At that point, per attendee, Musk stopped going live—and shortly after, the Twitter Space was shut down by someone other than the host.

At the time of writing, there are report of the Space is unavailable and/or experiencing technical issues, with some Twitter users reporting glitches or other problems launching the stream. And in the past few hours, Musk has responded to a complaint about this on Twitter — tweeting briefly: “We’re fixing a Legacy bug. Will work tomorrow.”

Musk has also taken to social media in recent hours to respond to a Twitter conversation criticizing the journalist’s suspension – stated in a statement. tweet that “criticizing me all day is perfectly fine, but doxx my real-time location and endangering my family is not”; and in again implies that accounts that violate the doxxing rules will only receive a “temporary seven-day suspension”.

However, one of the journalists affected by the ban – Aaron Ruper – wrote (via a blog post on Substack) that he received a notice from Twitter saying that his account has been permanently suspended, so it’s anyone’s guess whether Musk will stick to the seven-day suspension rule or stick to his anger. his anger and decided never to reinstate reporters.

The declared seven-day suspension ‘policy’ also appears to have been instituted by Musk after he polled Twitter users asking when doxxed accounts “exactly where I am in realtime” should be unsuspended.

The winning pick from that poll was actually “right now” – 43% of the 535,233 votes cast. The ‘Seven Days’ option received only 14.4% of the vote – underscoring how arbitrary Musk’s policy decisions are at Twitter. (See also, among others, his decision to issued a general amnesty to previously banned accounts (also with a few exceptions that seem to be based on Musk’s personal preference, such as InfoWars’ Alex Jones is still banned); as well as Musk’s choice Permanently lifting the embargo on former US President Donald Trump (who has so far restricted tweets because he has his own social platform to worry about these days) after Musk did another poll of Twitter users – instead for the sake of waiting for a content moderation board that he announced earlier that he would form to do so the decision was formed. So, uh, \_(ツ)_/¯)

Going back to the EU DSA, regulation took effect last month but will only begin to apply — that is, it’s expected date of compliance — from February 17 next year, which is the deadline for application to a larger subset of platforms, known as “platforms”. very large online network” (VLOP), has additional obligations under the DSA — in areas such as algorithmic accountability, social risk assessment and mitigation.

It is not yet clear if Twitter will be designated as a VLOP under the DSA — or if it will fall under the common mode for digital services — excluding additional obligations and having a longer grace period. (until February 2024) before compliance begins to apply.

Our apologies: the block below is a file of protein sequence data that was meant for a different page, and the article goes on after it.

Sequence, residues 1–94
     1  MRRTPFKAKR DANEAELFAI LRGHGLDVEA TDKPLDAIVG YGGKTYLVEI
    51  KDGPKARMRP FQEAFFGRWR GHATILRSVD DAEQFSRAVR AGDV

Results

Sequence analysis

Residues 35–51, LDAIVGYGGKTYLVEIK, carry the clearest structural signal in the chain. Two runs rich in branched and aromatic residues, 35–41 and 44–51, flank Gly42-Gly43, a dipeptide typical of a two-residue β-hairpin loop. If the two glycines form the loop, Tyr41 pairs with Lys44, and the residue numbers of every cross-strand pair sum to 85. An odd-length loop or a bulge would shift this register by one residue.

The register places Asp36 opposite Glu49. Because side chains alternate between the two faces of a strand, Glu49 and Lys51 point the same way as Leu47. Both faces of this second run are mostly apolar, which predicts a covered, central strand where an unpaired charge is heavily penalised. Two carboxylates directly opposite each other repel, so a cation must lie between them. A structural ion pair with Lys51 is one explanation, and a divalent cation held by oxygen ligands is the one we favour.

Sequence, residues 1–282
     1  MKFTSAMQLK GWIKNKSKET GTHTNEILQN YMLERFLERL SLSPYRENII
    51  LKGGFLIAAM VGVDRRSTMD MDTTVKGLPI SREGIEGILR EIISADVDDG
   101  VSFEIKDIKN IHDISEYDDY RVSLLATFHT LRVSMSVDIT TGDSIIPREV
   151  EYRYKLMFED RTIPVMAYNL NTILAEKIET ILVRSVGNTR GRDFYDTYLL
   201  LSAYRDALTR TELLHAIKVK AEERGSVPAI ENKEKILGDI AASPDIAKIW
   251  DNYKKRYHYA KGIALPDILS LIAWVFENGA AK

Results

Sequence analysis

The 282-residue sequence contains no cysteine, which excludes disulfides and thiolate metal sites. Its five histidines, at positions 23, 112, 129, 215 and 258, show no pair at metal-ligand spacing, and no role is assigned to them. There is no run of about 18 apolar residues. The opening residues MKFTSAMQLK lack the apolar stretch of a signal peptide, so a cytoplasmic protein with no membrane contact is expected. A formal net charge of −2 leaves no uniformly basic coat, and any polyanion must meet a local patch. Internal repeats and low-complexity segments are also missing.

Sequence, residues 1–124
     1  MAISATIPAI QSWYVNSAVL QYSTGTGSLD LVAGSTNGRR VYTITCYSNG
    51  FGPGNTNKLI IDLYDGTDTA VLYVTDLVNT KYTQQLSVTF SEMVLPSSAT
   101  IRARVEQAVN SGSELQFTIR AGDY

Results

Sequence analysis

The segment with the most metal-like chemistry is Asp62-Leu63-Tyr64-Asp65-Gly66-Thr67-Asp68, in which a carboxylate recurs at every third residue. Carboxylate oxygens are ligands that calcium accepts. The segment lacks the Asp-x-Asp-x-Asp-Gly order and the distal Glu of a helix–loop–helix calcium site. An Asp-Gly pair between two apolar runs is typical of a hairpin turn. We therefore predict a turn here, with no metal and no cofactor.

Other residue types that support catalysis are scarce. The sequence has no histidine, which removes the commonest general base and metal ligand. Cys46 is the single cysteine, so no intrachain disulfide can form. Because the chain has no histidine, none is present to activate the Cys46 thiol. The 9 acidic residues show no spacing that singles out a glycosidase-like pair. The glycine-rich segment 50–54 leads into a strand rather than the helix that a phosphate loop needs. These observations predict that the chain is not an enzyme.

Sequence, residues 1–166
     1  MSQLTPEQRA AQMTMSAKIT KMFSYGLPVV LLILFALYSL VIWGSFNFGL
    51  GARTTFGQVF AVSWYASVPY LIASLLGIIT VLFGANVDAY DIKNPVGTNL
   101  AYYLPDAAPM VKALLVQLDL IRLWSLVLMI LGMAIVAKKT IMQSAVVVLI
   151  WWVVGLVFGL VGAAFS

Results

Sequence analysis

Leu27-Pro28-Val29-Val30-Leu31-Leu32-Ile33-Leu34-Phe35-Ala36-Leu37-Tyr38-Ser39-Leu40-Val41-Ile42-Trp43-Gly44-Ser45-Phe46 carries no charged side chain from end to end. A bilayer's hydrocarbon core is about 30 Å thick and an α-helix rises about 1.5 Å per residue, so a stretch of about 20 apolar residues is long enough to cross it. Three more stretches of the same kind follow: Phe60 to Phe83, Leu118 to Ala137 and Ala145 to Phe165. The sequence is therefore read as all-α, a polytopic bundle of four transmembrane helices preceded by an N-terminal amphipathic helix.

The Commission will make official VLOP designations in February. But like we have reported beforeMusk’s erratic administration of Twitter since he took over at the end of October has clearly worried Brussels — prompting a flurry of warnings and other actions by the Commission in recent weeks. Includes a statement following reports of more staff layoffs at Twitter that it may take into account more expansive criteria (rather than sheer size) when deciding which platforms to face additional obligations that the DSA imposes on VLOPs — such as the “appropriateness” of resources dedicated to block regulatory compliance.

Last monthThe committee also revealed that it has arranged to conduct a stress test of Twitter’s resources early next year — so it looks like they’re preparing to do the work (and make sure that it shows its activity) to give that relevance assessment so that it can hit a VLOP Order on Twitter if it deems it necessary (or, well, possibly due process; it certainly will; don’t want to be accused of making their own arbitrary decisions… ).

Discussing the DSA’s sanctions regime, a spokesperson for the Commission told TechCrunch that the regulation gives them enforcement powers over VLOPs “similar to what they have in antitrust proceedings.”

“For smaller platforms, each Member State shall clearly prescribe penalties in their national law in accordance with the requirements set forth in the Regulations, ensuring they are commensurate with the nature and severity of the penalties. seriousness of the violation, but is still of a deterrent nature to ensure compliance,” it also noted.

The Committee also made a point of emphasizing that the DSA’s enforcement mechanism is not limited to fines. And has also implemented some interesting new terms in this context – alluding to “platform scams” – that read as if it was most likely coined in Musk’s mind.

“Digital Service Coordinator [aka a national regulator that enforces the DSA on non-VLOPs at EU Member State level] and the Commission will have the power to require immediate actions if necessary to address very serious harms, and platforms can make commitments on how they will remediate them,” it said. and safe, it may be a last resort to ask the court to temporarily suspend their services, after involving all parties involved.”